Brenda Bravo

by Pamela Dean

Brenda Bravo’s fierce determination to succeed helped her overcome the many obstacles she faced during her journey to higher education and a successful career as a high school principal.

Born in Mexico, the fifth of six daughters, Bravo’s family came to the U.S. when she was three, eventually settling in Oxnard. Neither one of her parents graduated from high school, or even elementary school. In spite of the challenges of being a teen mom, she earned a 4.0 GPA in high school, graduated with honors and went on to become the first in her family to attend a four-year university.

Bravo’s path through CSU Channel Islands (CSUCI) was not easy either. Her second daughter was born while she was a freshman. But having two small children to care for did not stop her from double majoring in Spanish and Liberal Studies with an emphasis in Bilingual Education. In 2010 she graduated magna cum laude with honors in Spanish, a multi-subject teaching credential and a BCLAD (bilingual) authorization as well.

“Attending CSUCI was one of the best decisions I ever made because it’s where I met my mentors, Dr. Kaia Tollefson, Dr. Kathleen Contreras, and Dr. Charles Weis and others who have been my inspiration and motivation to keep moving forward,” Bravo explains.

In fact, Bravo credits Education Professor Tollefson with inspiring her to pursue a graduate degree and move from teacher to administrator.

“Growing up I did not see myself reflected in the leaders at my school, so becoming an administrator was never in my plans,” Bravo says.

While working as a fourth grade teacher at Oxnard’s Tierra Vista Elementary, she was invited to attend CSUCI’s Critical Friends Group summer institute led by Professor Tollefson. It was there she realized she could aspire to do more.

“I learned about the education gap, equity issues and the need for more Latina leaders in education,” Bravo explained. “We discussed the need for a mentorship program to support young teachers and match them with educational leaders in the county. This is where the Lacayo Vista Leadership Academy was born. I was part of the first cohort of mentees. Kaia was the first to believe I could do more.”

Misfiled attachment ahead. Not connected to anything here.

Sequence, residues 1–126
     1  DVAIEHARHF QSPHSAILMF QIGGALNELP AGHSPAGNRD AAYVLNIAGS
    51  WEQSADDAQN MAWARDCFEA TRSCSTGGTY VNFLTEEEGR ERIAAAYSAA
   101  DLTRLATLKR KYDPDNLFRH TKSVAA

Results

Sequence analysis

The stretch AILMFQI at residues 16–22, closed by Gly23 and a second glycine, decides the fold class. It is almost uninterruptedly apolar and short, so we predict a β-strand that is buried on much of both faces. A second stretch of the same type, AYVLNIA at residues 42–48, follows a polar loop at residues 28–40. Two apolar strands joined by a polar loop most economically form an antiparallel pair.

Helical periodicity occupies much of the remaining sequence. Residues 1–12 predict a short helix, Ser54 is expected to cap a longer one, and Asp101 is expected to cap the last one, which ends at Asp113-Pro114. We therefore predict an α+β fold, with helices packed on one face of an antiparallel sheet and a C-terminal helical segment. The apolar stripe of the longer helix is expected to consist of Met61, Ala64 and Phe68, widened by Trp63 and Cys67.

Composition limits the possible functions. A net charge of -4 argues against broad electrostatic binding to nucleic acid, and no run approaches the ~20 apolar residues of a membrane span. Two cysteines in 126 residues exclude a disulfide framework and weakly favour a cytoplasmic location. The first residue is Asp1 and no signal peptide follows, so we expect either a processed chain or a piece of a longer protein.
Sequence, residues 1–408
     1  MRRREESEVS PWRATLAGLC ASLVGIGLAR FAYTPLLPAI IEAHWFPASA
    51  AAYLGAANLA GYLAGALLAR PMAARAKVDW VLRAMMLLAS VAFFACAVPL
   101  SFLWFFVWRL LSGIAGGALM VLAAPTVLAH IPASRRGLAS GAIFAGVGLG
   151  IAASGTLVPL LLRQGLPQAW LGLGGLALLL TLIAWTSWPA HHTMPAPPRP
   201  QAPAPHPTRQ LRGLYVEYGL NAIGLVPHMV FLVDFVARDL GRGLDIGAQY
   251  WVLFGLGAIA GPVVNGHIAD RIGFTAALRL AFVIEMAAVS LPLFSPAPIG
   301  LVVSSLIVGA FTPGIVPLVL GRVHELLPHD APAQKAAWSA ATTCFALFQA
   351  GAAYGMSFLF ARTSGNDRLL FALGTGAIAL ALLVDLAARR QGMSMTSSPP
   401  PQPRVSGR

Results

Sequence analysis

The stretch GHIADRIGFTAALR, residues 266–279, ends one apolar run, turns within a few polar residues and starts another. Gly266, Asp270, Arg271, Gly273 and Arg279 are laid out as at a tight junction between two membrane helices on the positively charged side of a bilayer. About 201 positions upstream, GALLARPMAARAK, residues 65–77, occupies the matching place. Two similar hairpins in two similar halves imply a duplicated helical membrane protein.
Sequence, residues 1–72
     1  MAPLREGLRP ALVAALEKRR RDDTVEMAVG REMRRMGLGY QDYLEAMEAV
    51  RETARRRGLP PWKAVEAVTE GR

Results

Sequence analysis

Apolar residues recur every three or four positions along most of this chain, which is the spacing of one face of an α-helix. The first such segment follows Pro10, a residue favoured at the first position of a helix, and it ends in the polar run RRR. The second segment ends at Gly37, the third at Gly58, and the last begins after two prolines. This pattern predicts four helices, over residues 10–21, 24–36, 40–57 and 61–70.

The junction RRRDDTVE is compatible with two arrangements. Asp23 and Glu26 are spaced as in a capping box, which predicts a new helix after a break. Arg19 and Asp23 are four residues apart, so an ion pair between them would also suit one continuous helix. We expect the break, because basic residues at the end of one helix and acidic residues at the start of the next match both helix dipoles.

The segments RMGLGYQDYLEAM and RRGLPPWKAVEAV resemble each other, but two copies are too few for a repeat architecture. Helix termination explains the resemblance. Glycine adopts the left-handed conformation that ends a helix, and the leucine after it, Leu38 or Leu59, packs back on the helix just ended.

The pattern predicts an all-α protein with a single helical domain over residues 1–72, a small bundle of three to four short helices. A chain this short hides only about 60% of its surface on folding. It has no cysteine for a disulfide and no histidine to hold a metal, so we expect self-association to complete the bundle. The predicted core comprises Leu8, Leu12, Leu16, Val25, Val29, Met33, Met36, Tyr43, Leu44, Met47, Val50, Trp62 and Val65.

After this class, she decided to pursue a graduate degree. However, another potential roadblock threw itself into her path. Just one week before being accepted into CSUCI’s Educational Leadership master’s program, Bravo discovered she was expecting her third daughter.

With the full support of the program’s faculty, she was able to begin and complete the program on time, graduating in 2018 with an M.A. in Educational Leadership. She is now the proud principal of Rio Plaza Elementary in Oxnard.

Her advice to teachers looking to move up the education ladder: “Don’t let your fear of failure keep you from furthering your career. When I applied (to grad school) I was terrified I would not be accepted. When I was accepted, I feared I would not be able to do it. When I got my degree, I was afraid to apply, but I did it anyway because I knew it was not about me and my fears, it was about the students I have the honor of serving.”

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